The homophonic beginning of the second Lyric Piece presents a slow majestic theme whose chordal accompaniment is immediately separated from it contrapuntally with the chords moving at a slower speed. A two-part counterpoint of chordal and melodic versions of the melody is exchanged between the hands as the rhythmic activity intensifies. Melody begins to dominate the two-part texture with giant, heroic leaps that finally collide and culminate in a ferocious mid-range chord.
After its composition in the year of its title, the Trio 1966 was first performed at the New England Conservatory in 1967. Written for violin, clarinet, and cello, the piece brings together five short movements with very different and distinct characteristics. The first expands each instrument's opening phrase through ornamentation; the second, Lento, moves from an agitated mist to lyric clarity while gradually assembling the closing melody from intervallic fragments and phrase segments; the third is a high speed fugal chase; the melody and accompaniment texture of the fourth repeats the melody unchanged while the accompaniment is extensively varied; and the fifth is a motivic collage that gradually shifts emphasis from one motive to another.
In looking for love poems to set to music before composing my Three Songs, I found many contemporary poems by various poets that described sexuality but few that combined emotion with sensuality. The poems of e. e. cummings that I was pleased to find for setting portray a strong connection between affection and lovemaking. The music is composed to emphasize and strengthen this connection. The Three Songs received their first performance in a 1988 Guild of Composers concert in New York City.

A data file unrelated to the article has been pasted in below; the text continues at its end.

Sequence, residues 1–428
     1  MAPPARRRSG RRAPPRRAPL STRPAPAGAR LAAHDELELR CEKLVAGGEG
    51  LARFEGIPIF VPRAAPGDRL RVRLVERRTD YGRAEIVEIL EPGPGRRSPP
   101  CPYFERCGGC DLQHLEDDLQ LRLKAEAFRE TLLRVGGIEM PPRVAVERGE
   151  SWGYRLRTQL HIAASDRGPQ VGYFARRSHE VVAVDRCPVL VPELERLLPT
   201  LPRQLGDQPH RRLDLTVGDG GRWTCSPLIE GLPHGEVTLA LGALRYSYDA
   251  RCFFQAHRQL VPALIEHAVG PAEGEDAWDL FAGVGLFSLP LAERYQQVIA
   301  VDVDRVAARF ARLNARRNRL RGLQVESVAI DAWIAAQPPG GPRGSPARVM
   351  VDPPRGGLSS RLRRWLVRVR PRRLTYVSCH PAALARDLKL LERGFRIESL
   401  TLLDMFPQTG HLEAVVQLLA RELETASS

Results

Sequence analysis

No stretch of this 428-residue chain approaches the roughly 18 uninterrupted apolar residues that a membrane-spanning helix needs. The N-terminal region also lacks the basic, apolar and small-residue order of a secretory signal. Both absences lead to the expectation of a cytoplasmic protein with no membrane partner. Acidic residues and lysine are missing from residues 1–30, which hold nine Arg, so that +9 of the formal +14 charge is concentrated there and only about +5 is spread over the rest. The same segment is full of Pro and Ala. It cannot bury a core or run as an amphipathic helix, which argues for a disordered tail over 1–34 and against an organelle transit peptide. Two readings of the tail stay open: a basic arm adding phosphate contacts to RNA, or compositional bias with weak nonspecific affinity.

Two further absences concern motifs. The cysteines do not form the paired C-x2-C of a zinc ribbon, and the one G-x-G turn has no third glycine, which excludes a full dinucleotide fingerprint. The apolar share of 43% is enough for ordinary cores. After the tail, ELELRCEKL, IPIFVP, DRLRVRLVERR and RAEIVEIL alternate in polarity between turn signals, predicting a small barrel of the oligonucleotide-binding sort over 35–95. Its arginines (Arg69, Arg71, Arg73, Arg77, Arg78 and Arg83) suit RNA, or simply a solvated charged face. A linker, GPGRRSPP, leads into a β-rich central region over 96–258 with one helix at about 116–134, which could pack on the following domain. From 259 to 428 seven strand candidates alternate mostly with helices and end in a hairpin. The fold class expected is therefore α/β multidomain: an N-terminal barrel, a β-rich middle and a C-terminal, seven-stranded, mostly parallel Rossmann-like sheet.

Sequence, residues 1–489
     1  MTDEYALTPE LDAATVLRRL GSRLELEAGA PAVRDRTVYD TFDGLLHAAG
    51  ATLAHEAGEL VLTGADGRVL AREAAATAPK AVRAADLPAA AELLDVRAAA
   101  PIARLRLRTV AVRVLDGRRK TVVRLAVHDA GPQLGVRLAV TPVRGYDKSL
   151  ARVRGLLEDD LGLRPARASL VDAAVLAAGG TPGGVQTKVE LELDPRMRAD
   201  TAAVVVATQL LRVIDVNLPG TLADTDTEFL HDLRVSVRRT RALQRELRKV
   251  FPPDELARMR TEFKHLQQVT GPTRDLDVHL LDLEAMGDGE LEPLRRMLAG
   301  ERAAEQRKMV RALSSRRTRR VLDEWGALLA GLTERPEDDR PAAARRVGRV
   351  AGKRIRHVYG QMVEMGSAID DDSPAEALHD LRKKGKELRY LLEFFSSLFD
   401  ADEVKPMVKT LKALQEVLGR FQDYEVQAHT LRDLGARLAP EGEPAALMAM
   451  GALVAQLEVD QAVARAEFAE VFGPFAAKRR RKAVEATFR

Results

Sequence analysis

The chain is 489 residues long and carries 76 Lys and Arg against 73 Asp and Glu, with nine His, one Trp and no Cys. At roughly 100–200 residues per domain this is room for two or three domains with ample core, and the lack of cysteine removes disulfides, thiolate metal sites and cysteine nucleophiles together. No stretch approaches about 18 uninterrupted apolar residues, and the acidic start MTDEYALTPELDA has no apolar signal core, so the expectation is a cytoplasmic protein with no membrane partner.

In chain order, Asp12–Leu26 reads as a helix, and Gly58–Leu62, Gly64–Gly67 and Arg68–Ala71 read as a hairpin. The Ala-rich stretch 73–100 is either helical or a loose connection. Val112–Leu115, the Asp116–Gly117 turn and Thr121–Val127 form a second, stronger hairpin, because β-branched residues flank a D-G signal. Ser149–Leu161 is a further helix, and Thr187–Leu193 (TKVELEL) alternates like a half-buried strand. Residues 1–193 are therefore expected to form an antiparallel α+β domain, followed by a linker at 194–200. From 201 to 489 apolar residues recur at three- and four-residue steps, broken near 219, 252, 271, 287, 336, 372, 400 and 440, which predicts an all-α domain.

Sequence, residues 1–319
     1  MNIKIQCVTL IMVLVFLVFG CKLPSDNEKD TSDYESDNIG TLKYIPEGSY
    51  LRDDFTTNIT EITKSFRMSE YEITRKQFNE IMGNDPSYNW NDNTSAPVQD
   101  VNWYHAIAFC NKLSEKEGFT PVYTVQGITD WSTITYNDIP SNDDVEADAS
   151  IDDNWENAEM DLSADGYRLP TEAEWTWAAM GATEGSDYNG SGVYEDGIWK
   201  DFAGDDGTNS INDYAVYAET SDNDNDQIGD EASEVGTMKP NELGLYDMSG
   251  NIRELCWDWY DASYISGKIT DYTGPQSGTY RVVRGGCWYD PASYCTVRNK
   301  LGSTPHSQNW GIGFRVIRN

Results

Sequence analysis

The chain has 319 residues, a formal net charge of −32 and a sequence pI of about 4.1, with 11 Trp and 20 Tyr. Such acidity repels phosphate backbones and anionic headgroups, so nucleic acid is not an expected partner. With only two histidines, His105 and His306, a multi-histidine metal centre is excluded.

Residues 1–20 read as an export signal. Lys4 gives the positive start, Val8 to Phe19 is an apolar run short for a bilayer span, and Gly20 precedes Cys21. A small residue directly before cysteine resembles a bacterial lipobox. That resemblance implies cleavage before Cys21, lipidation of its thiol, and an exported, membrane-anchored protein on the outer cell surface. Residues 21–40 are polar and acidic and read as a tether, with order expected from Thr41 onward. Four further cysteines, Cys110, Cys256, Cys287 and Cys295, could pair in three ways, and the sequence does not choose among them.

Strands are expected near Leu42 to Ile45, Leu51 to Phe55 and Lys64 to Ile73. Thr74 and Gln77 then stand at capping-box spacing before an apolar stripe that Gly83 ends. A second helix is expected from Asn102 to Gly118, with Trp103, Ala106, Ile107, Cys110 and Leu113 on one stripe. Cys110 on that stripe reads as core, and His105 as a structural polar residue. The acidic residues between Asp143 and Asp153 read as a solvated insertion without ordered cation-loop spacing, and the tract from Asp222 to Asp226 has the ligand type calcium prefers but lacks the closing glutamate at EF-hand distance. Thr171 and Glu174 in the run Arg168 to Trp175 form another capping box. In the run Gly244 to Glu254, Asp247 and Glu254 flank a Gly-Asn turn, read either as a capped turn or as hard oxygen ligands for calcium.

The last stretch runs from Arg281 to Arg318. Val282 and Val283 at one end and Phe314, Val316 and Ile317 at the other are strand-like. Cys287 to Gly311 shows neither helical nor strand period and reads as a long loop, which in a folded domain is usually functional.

The final and perhaps most ambitious work on this disc is the Cantilena Infinita, which is receiving both its world premiere performance and first recording here. The voluptuous, cantabile statement of the theme by the flute begins the piece and establishes the dramatic framework of what follows. As in the piano Trio, the large sections-marked on the CD by ID numbers-correspond to a tremendous expansion of the exact rhythm and inferred expressive contour of the opening cantilena. In contrast to the Trio, the Cantilena's many sections have assumed more of the characteristics of a traditional theme and variation format, although here the music is through composed and performed without pauses. The continuous, goal directed motion is relaxed throughout the piece by a generous sprinkling of fermatas at dramatic high points and low points. The harmonic language of this and the other pieces on this disc is conceived as a highly chromatic extension of tonality. In the Cantilena, this can be heard from the opening to the glorious A-flat eleventh chord of the climax (ID number 25) and the soothing repose of the E-minor ninth chord of the ending.